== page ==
Conceptualization, R.R., N.C. and M.S.; methodology, R.R. and N.C.; software, M.K. and N.C.; formal analysis, R.R. and N.C.; writing—original draft preparation, R.R. and N.C.; writing—review and editing, R.R., M.K., N.C., M.S. and A.W.; visualization, M.K.; supervision, R.R., N.C., M.S. and A.W.; project administration, R.R.; funding acquisition, M.S. and A.W. All authors have read and agreed to the published version of the manuscript.


This research was funded by the German Federal Ministry for Economic Affairs and Climate Action (BMWK) grant number 03ET1563A. The reviewing, supervision, and editing work by Schweiker was supported by a research grant (21055) from VILLUM FONDEN. The KIT-Publication Fund of the Karlsruhe Institute of Technology funded the APC.

Data Availability Statement

The data presented in this study are available on request from the corresponding author. The data are not publicly available due to privacy restrictions.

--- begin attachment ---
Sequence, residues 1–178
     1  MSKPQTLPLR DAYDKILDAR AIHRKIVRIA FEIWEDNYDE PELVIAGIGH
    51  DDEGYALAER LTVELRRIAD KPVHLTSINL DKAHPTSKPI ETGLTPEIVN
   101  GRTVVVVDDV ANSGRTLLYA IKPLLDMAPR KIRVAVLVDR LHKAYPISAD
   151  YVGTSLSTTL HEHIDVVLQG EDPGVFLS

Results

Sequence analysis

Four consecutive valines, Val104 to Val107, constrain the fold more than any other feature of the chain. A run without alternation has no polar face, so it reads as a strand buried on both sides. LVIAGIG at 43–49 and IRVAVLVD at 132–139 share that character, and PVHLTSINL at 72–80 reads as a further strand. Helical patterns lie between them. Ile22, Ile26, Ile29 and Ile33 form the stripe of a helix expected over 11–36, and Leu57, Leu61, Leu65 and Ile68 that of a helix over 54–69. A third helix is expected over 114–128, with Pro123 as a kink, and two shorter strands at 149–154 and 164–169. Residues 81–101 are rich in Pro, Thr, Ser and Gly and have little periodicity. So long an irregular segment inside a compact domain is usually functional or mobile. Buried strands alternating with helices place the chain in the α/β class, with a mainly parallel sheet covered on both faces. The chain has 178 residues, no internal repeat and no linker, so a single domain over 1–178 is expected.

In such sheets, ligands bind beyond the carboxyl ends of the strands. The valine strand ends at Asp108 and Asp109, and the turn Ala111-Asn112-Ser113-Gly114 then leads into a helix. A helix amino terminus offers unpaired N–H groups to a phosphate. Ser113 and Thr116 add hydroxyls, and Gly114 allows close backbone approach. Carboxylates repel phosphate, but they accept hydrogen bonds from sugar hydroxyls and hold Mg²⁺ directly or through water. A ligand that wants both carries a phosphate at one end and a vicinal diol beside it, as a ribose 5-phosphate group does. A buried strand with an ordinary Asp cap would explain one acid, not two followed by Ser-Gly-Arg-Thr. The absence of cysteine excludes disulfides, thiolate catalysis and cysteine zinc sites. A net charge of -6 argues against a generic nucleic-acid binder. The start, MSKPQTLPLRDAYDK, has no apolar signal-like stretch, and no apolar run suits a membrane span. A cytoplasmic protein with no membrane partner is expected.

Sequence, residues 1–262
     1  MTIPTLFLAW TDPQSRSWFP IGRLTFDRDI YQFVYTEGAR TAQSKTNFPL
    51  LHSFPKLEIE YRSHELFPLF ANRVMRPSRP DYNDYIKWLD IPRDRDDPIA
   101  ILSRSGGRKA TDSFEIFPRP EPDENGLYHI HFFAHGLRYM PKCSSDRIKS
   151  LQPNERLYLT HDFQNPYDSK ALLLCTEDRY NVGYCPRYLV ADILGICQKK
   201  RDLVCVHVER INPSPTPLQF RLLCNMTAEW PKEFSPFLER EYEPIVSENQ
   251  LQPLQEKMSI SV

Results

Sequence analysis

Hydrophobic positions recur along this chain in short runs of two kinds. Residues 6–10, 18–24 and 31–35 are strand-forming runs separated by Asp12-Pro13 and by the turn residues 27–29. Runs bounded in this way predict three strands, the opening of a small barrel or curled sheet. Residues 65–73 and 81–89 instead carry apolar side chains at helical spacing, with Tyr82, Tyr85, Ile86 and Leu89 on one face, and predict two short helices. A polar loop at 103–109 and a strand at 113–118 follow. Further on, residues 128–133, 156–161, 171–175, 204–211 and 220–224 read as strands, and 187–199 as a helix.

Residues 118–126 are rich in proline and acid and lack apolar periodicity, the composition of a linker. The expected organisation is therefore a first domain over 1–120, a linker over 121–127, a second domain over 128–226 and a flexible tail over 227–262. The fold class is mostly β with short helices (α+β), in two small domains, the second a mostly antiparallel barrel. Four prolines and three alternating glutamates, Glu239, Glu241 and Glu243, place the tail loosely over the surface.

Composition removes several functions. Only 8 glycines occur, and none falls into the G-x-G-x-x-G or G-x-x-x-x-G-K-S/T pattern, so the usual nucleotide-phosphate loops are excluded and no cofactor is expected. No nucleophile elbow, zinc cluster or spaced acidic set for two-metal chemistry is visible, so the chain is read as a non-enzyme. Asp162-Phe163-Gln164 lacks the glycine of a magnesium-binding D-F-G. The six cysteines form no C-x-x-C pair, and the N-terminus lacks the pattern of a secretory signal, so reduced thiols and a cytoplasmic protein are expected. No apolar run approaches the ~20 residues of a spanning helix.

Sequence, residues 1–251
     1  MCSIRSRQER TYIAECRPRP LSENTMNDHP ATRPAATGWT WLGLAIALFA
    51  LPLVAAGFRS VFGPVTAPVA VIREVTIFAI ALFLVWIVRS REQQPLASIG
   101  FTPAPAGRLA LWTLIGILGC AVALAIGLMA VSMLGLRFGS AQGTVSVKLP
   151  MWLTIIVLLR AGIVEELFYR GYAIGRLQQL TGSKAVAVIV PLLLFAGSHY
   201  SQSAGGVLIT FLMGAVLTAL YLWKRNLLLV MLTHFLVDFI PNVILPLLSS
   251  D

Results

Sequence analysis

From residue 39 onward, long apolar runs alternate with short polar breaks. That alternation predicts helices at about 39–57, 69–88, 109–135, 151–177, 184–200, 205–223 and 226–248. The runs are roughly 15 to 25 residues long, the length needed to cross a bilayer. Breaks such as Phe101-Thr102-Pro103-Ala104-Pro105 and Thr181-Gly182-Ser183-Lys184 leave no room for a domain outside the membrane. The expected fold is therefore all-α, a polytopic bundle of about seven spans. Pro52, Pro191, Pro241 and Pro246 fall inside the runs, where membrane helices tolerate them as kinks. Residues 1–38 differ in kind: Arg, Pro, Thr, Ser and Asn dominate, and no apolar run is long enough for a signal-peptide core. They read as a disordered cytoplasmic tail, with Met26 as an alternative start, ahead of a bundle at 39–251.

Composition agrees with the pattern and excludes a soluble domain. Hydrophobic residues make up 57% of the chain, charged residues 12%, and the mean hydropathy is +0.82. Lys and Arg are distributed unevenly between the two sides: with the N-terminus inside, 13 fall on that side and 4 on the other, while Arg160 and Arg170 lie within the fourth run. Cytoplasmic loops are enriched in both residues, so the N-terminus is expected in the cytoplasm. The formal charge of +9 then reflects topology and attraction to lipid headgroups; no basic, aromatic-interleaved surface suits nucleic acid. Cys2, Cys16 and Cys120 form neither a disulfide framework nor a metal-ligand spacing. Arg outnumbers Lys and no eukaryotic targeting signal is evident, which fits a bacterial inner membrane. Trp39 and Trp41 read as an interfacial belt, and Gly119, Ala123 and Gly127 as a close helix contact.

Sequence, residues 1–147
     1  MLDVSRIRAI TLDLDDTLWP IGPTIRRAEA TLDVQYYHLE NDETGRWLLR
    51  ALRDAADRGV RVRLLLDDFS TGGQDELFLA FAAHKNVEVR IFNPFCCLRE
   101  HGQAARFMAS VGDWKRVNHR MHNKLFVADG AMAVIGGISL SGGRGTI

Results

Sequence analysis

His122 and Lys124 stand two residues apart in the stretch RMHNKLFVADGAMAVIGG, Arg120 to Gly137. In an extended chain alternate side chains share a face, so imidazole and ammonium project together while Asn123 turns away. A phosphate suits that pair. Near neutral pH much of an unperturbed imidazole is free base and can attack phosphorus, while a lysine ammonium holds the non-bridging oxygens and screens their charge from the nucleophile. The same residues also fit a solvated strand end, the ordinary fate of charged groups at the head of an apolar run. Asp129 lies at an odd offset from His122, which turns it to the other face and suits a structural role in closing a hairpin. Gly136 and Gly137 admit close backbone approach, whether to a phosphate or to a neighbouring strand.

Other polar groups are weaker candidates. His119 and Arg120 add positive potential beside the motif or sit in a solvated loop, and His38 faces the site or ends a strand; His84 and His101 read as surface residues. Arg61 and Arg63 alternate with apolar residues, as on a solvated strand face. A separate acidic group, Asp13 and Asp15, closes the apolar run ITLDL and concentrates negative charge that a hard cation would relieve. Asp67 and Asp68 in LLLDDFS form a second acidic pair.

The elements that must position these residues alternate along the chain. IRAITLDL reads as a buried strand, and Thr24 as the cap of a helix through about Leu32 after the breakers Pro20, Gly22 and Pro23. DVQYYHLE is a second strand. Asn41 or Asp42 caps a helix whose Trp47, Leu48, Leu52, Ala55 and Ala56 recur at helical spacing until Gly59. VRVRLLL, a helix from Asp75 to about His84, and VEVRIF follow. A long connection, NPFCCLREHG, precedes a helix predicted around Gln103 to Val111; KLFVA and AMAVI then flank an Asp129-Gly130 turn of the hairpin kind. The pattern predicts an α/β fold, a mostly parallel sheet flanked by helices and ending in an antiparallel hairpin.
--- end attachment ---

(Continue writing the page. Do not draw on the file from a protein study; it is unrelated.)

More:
We acknowledge support by the KIT-Publication Fund of the Karlsruhe Institute of Technology.

Conflicts of Interest

The authors declare no conflict of interest. The funders had no role in the design of the study; in the collection, analyses, or interpretation of data; in the writing of the manuscript; or in the decision to publish the results.


The following abbreviations are used in this manuscript:
PECSPersonal Environmental Control System
NoCoolingNo night ventilation or air-conditioning
NVNight ventilation
NVandCFNight ventilation (NV) and ceiling fans (CF)
ACSAir conditioning system
HVACHeating, Ventilation, and Air Conditioning
PMVPredictive Mean Vote
ATHBAdaptive Thermal Heat Balance model
SETStandard Effective Temperature
PTSPredicted Thermal Sensation
MAMMaximal Adaptability Model
T a Air temperature
T r Radiant temperature
RHRelative Humidity
AVAir velocity
T r m Outdoor temperature running mean
metMetabolic rate
cloClothing value
psychPsychological adaptive coefficient
RPRelative Performance
NPVNet present value
Δ NPVDelta Net present value
O & MOperation and Maintenance
TMYTypical Meteorological Year
MBEMean Bias Error
CV(RMSE)Coefficient of Variation of the Root Mean Square Error

Appendix A

Table A1. Building characteristics and additional information.
Table A1. Building characteristics and additional information.
Gross floor area5500 m 2
Net floor area (ground floor to 3rd floor)3488 m 2
Building orientation345 °
Thermal transmittance north façade0.13 W/m 2 × K
Thermal transmittance roof0.713 W/m 2 × K